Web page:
James has been to Bangkok countless times for business, but I had never visited.
So this was our chance to do all the touristy things and have some time to relax. (Although we didn’t relax at all…just ask James!).
To be honest, I wasn’t expecting too much from Bangkok. I was just grateful to get out of Hong Kong for Chinese New Year.
However, to my surprise – I loved every minute of this colourful and earthy city!
Tuk-Tuk Ride in Thailand
A visit to Bangkok isn’t complete without a spin around town in a famous Tuk-Tuk.
We ventured up and down the main drag of Sukhumvit and in and out of the adjacent soi’s (streets).
We even ducked over to Khao San Road, a high-vibing spot where backpackers congregate (it was a tad overrated though!).
We passed incredible smelling street food carts along the way.
From mouth-watering BBQ meats to sweet pomegranate juice and delicious slices of fresh mango. It’s all on offer!
Pak Khlong Talat (Flower and Vegetable Market)
As a part of our Bike Tour of Bangkok, we stopped off at the thriving local flower and vegetable market.
Judging by the amount of photos I took, you can’t half tell that I loved the place! (This is a small handful).
The market was a florists and foodie’s paradise!
Beautiful orchids, roses and marigolds were piled up high and every ingredient you ever needed for a Thai dish was at your fingertips (and oh so cheap)!
A bit different to scouring the shelves of Coles or Park n Shop for the all important authentic Thai ingredients!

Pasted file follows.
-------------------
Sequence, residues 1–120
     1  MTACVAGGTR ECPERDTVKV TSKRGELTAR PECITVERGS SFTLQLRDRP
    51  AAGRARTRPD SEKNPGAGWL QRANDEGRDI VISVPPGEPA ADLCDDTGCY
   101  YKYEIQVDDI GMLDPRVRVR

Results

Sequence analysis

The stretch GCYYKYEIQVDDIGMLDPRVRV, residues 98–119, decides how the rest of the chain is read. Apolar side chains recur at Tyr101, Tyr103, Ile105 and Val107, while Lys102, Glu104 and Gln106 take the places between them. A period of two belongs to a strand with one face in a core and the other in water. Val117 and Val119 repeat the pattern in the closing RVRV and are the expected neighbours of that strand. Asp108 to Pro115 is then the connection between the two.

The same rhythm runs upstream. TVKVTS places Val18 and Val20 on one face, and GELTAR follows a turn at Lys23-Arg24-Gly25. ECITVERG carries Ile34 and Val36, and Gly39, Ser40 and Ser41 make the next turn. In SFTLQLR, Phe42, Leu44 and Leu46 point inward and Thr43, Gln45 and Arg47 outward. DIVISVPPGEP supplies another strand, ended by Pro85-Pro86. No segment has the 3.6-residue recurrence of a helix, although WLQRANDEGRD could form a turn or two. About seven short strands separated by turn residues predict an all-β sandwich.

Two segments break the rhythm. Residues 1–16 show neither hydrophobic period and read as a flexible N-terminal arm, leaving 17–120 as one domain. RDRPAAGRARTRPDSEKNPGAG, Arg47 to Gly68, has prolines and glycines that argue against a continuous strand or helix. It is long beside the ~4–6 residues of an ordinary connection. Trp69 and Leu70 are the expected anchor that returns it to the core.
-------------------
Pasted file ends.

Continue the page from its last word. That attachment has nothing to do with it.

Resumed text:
A Night Time Rush on the Roof Top
We had always wanted to go to the famous Vertigo Restaurant at the beautiful Banyan Tree Hotel in Bangkok.
Some how we managed to snag a table and enjoyed a night of dinner and drinks 61 floors up.
We were treated to 360 degree views of Bangkok’s brilliantly lit skyline whilst sipping on mojitos and savouring the ‘Death by Vertigo’ chocolate dessert!
Wat Pho, or the Temple of the Reclining Buddha is one of the largest and oldest wats in Bangkok and is the birthplace of traditional Thai massage.
This Temple wasn’t on my hit list until a friend, who’s an expat in Bangkok, told me I must visit this extraordinary attraction.
The grounds of this temple is truly amazing. Each chedi (stupa) is covered in brightly coloured tiles in the most beautiful mosaic patterns.
Every where you look the vivid hues catch your eye.
From the bright roofs of the viharas (halls) to the ornate decorations of the doorways.
I better not forget to mention the Reclining Buddha!
This brilliant gold Buddha was crafted to celebrate King Rama III’s restoration (1824 – 51) and is a vast 46 metres long and 15 metres high.
I enjoyed admiring the soles of the reclining Buddha’s feet which were intricately decorated with mother-of-pearl inlay.
If you’re visiting Bangkok, Wat Pho is definitely worth braving the crowds and the hot sun!
From Wat Pho we caught a ferry across the Chao Phraya river so we could admire the famous Wat Arun from the water.
The temple’s unique architecture makes Wat Arun one of the most beautiful temples in Thailand.
The spire (prang) on the bank of the river is one of Bangkok’s world-famous landmarks and stretches an imposing 70 metres high into the sky.
The prominent spire is beautifully decorated in tiny pieces of coloured glass and Chinese porcelain placed delicately into intricate patterns.
We followed the crowds and climbed up the steep steps of the central prang.
We were greeted with an incredible view over to the Grand Palace and Wat Pho and could watch the many boats wind up and down the river.
And this time, we finally mastered our newly acquired selfie-stick!
That’s it for this instalment of ‘The Week In Pictures!’
Like I said before, I loved every minute of my time in Bangkok and I look forward to seeing more of Thailand.
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